Head space exploration

Is Yoga an effective treatment for anxiety? trial finds new evidence

Through the Mindful in May campaign, mental health organisations worldwide promote the benefits of mindfulness for well-being.  

As the research around mindfulness continues to develop and advance, people are looking for ways to incorporate the mental state into their busy lives.

Mindfulness is the most investigated form of meditation and has attracted significant attention from researchers in recent years. A Harvard University study found that those who focus on what they’re sensing and feeling in the moment achieve greater happiness.1 So, to produce positive mental health effects, learning how to focus on the present may be a helpful tool.

“Mindfulness is the simple skill of paying attention to the present moment in a particular way,” said Liv Downing, registered psychologist, meditation teacher, author and member of the Meditation Australia Council.

“Among many other benefits, mindfulness meditation has been shown to reduce stress – which at high levels can lead to poor mental health – and anxiety, reduce relapse duration and intensity of major depression and improve sleep and sleep quality, which can lead to better mental health.

“Possibly the most profound impact mindfulness meditation can have on us and our mental health is its capacity to support us to build a deep and honest relationship with both ourselves and others. The longest study on human thriving has concluded that the quality of our relationships is the number one predictor of good mental and physical health.”2

The meditation/mindfulness connection 

The positive effects of meditation are often discussed, but it’s often hard to know where to start.

Meditation invites us to be aware of what’s going on in the present moment,” Ms Downing said.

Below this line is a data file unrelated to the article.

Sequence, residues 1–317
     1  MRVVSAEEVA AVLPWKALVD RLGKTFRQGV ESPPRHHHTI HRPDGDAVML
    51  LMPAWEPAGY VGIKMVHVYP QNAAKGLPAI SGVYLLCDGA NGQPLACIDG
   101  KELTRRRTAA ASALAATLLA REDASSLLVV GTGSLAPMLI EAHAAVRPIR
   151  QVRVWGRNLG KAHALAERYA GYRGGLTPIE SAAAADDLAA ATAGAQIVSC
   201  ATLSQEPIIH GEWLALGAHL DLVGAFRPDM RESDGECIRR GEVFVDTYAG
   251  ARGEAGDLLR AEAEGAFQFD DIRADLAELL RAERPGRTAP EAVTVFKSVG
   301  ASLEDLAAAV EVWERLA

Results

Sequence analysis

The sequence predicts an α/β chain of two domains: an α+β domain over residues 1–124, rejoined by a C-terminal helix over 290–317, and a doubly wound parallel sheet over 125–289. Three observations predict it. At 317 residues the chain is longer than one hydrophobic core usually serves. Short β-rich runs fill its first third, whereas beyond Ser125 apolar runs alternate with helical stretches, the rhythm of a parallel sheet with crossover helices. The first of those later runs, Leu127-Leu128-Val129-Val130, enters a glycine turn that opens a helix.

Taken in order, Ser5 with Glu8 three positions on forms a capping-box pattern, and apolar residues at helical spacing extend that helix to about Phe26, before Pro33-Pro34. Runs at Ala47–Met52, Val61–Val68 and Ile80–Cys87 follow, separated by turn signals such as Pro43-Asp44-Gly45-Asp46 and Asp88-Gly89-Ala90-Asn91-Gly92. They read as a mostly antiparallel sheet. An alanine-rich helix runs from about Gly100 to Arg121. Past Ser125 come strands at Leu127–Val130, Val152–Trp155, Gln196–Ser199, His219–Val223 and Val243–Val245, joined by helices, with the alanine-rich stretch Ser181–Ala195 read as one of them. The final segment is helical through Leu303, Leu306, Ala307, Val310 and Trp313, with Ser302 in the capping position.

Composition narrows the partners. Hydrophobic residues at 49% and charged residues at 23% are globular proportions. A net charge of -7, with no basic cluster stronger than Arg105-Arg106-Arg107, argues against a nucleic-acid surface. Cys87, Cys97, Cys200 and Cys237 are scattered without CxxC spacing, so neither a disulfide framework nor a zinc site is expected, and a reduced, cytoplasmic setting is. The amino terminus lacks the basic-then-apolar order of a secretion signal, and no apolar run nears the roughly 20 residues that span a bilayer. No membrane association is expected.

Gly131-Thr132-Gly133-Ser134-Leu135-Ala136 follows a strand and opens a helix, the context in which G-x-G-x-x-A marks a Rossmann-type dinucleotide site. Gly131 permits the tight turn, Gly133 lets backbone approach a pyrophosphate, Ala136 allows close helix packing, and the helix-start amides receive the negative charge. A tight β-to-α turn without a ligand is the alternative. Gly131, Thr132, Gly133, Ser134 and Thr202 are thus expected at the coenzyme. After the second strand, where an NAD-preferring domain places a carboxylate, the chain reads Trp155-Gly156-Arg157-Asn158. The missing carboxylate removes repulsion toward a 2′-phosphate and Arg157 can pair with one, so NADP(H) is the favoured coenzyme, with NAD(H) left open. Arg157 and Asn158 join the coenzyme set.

“It encourages us to step out of autopilot and make a conscious decision to practise whichever meditation technique we’ve chosen. When we practise this awareness daily, it can help us to be more mindful and conscious in our everyday life.”

Regularity is more important than the duration of meditation, she adds.

“It’s no good planning to do a 30-minute meditation and then not being able to find that time,” she said.

“I suggest starting with two minutes and building up from there. The research tells us it’s the regularity of a daily practice that makes a real difference, rather than the duration.”

Incorporating meditation

For retail pharmacy assistants looking to incorporate mindfulness into their daily routine, Ms Downing offers these tips:

Start small. Get out of bed five to 10 minutes earlier and begin your day with a brief meditation. There are many apps available to help you. Smiling Mind is great for mindfulness meditation. Insight Timer offers meditations across all techniques –  mindfulness, mantra, breathwork, yoga nidra, etc.

Get practical. Choose one habitual task each day to pay attention to and then watch the happenings of your mind. Taking a shower or brushing your teeth can be good options. It’s likely you’ll notice a little voice providing a running commentary on either what you’re doing or the million other things going on in your life.

Be really curious and compassionate with this part of you, and remember: the fact that you can observe this voice and these thoughts indicates you’re separate from them.

You might say to yourself, ‘Hmmm … that’s interesting’, or some other non-emotional but curious response, and then gently bring your attention back to the task at hand, feeling the warm water on your skin or the way the bristles of the toothbrush feel on your gums.

This is a great opportunity to get to know yourself and your thinking habits and puts you in a powerful position to choose how you respond to your thoughts in your everyday life.


  1. Killingsworth MA, Gilbert DT. ‘A wandering mind is an unhappy mind’. 2010. greatergood.berkeley.edu/images/uploads/A_Wandering_Mind_Is_an_Unhappy_Mind.pdf
  2. Harvard Medical School. ‘Harvard study of adult development’. 2015. adultdevelopmentstudy.org

 This feature was originally published in the May issue of Retail Pharmacy Assistants e-magazine.